Kamada starts Alpha-1 Antitrypsin phase 2 clinical trial to prevent lung transplant rejection
Kamada has started a phase 2 clinical trial with its proprietary drug Alpha-1 Antitrypsin (AAT) for preventing rejection in lung transplants, as part of a collaboration with Baxalta.
The objective of this survey was to assess the practices of international lung transplant (LTx) centers, pertaining to the testing for, and replacement of, AAT in patients with AATD.
Conclusion: CLO in adults is rare and is associated with a broad spectrum of symptoms. Precise anamnesis and radiological findings confirm the diagnosis. Surgical resection is the treatment of choice in symptomatic patients.
Conclusions: Men and smoking habits history were more prevalent. There was a significant diagnosis delay since symptoms onset. Most of them started follow-up due to respiratory symptoms. The commonest phenotypes were SZ and ZZ; ZZ was associated to lower AAT and DLCO levels and more pneumonia hospitalizations. Obstruction on PFT was prevalent. Few pts had criteria to prolastin treatment and transplant.
Conclusions: Despite the small sample, both groups had similar characteristics before and after LT, with a tendency for a lower survival rate in AATD-g.
ConclusionsLung and liver transplantation in AATD patients are associated with very good long-term survival rates that are comparable to, and sometimes superior to, other transplant indications. Although not currently recommended in AATD, LVRS may have a role in a minority of patients. The value of Alpha 1 Antitrypsin (AAT) augmentation therapy following lung transplantation requires further study. Wherever possible, AAT therapy should be continued in the period around elective surgeries.SummaryAlthough AATD is a widely discussed and researched topic in the literature, surgical intervention for AATD, in addition to the man...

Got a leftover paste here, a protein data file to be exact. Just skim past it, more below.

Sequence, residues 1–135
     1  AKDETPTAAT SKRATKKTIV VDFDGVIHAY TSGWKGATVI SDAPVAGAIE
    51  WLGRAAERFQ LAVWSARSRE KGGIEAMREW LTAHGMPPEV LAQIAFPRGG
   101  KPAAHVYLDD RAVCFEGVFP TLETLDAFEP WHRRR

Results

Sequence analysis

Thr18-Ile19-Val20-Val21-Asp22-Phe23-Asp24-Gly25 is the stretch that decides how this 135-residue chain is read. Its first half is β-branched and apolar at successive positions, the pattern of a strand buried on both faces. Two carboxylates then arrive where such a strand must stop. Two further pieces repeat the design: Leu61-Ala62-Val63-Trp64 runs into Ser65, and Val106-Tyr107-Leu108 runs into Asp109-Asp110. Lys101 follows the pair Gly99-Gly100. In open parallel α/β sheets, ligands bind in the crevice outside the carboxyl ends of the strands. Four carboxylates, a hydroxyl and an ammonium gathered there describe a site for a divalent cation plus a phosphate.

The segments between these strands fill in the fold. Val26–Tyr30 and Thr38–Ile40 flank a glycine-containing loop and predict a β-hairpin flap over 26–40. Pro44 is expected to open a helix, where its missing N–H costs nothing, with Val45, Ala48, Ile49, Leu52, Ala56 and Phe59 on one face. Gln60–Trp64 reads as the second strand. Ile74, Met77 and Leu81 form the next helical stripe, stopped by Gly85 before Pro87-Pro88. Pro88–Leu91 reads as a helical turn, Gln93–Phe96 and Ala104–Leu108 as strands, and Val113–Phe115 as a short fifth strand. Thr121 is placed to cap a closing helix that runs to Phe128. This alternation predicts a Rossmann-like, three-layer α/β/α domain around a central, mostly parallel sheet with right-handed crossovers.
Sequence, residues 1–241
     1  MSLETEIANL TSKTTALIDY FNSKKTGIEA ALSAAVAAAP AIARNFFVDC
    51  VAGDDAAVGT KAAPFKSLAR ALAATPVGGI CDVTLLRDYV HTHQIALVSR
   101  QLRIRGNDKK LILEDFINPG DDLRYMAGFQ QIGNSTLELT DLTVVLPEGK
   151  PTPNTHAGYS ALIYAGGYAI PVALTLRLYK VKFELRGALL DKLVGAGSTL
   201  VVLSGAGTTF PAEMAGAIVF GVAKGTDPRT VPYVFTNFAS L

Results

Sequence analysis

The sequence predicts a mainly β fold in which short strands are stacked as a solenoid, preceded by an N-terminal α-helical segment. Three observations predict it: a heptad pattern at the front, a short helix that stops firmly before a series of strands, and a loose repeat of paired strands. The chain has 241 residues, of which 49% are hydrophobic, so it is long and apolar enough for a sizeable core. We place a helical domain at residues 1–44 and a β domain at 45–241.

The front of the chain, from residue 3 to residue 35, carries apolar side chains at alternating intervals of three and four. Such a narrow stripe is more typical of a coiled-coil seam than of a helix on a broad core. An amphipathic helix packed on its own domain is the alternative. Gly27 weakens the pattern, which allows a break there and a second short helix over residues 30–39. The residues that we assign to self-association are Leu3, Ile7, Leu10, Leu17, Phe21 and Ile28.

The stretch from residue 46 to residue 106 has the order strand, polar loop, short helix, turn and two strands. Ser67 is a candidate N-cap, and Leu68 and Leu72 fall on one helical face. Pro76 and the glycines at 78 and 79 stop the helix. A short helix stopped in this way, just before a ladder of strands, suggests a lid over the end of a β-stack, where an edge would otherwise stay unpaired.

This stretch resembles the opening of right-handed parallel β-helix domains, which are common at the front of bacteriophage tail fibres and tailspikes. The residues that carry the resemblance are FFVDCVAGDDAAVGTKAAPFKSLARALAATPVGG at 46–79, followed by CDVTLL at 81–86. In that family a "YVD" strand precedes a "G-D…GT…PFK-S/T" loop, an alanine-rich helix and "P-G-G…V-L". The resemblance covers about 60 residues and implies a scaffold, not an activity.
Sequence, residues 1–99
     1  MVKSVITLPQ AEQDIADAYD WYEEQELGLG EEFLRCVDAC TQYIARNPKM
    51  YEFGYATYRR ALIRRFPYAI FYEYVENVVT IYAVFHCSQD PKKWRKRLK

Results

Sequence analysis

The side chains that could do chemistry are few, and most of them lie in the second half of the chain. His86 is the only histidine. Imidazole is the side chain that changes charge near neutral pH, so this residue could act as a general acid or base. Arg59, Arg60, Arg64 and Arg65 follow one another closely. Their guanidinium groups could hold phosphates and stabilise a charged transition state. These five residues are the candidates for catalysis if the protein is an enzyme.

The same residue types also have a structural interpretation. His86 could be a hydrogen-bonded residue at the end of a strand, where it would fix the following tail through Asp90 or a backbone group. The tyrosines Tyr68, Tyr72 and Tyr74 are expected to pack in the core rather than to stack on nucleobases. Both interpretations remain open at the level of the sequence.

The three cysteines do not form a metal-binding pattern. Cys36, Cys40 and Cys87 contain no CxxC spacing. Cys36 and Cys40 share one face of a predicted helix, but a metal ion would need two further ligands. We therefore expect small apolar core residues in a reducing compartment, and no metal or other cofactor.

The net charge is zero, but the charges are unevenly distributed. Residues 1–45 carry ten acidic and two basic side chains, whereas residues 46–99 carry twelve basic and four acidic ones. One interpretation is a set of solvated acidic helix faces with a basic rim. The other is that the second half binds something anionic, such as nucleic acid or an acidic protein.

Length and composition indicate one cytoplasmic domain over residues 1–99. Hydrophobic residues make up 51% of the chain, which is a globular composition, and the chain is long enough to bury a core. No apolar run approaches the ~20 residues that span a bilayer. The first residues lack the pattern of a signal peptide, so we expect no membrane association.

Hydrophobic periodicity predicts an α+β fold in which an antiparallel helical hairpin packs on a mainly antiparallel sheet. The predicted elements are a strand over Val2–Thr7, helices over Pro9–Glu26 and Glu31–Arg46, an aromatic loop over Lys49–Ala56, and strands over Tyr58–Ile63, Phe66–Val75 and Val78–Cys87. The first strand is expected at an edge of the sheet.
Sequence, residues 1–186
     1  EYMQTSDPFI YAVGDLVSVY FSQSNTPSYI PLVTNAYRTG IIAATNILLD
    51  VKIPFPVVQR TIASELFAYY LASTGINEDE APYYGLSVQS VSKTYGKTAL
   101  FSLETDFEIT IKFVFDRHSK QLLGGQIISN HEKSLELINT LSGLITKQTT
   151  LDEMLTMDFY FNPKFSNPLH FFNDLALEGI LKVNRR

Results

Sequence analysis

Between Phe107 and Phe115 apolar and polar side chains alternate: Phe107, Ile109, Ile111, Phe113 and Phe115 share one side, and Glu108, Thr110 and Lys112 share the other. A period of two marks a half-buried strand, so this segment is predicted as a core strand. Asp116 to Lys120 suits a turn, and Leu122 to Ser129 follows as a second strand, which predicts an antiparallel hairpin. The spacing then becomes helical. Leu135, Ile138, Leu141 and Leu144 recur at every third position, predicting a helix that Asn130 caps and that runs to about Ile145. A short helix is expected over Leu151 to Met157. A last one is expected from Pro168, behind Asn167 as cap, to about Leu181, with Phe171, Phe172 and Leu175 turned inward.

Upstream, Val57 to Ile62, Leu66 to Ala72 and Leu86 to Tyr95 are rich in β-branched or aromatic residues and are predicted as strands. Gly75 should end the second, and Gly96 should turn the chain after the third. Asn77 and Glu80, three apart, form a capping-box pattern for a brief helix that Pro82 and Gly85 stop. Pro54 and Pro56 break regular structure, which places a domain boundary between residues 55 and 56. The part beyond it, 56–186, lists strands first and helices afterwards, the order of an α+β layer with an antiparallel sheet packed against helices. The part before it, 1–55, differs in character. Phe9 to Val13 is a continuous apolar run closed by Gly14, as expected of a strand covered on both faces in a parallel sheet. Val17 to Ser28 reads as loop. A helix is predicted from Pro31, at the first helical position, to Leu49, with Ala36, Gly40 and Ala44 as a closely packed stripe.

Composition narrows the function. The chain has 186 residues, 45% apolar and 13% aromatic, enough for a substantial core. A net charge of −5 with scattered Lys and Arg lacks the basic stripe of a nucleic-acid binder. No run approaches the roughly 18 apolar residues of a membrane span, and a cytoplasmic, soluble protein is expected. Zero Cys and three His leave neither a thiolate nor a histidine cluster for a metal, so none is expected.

A 62-year old non-smoker, Caucasian male was evaluated for lung transplantation based on severe upper-lobe predominant emphysema with superimposed fibrosis in the lower lung zones (Figure 1). The patient had no significant exposure history, and prior work-up for alpha-1-antitrypsin deficiency, autoimmune disease, and hypersensitivity pneumonitis was unremarkable. The diagnosis of Niemann Pick disease, type B was eventually established based on a compatible family history with an almost identical disease presentation in a sibling.
Authors: Hsin MKY, Wong CF, Yan SW, Fan KY, Ho CKL, Bhatia I, Au TWK Abstract Clinical lung transplant was first performed in Hong Kong in 1995. In the early years, the volume of activity was very low. There has been a clear trend of increasing volume in the past few years. The recipient pathology is very different from the International Society for Heart and Lung Transplantation (ISHLT) database, with complete absence of cystic fibrosis and alpha-1-antitrypsin deficiency, and a predominance of diseases of the pulmonary circulation. Lymphangioleiomyomatosis (LAM) has a much higher representation on the waiting list...
The risk of primary graft dysfunction (PGD) of donor lungs and early postoperative mortality after lung transplantation (LTx) increases with prolonged preservation times. PGD is triggered by early infiltrating neutrophils which release large amounts of elastase-related serine proteases and inflict irreversible damage on lung graft after cold ischemic storage. Cold ischemic storage for only 6 hours is generally accepted, when lungs are cooled down and preserved in Perfadex immediately after their removal from donors.
Primary graft dysfunction (PGD) is the most serious early complication and it occurs within the first 72 hours post-transplantation. There is currently no specific treatment to prevent or treat PGD. Ischemia reperfusion injury (IRI) is an important component of PGD. Alpha 1 antitrypsin (A1AT) is a serine-protease inhibitor that inhibits excessive proteolytic enzymes so they don't accumulate and break down normal tissue. A1AT primarily inhibits neutrophil elastase, an important contributor to IRI.
Vascular damage and primary graft dysfunction increases with prolonged preservation times of transplanted donor lungs. Hence, storage and conservation of donated lungs in protein-free, dextran-containing electrolyte solutions like Perfadex ® is limited to about six hours.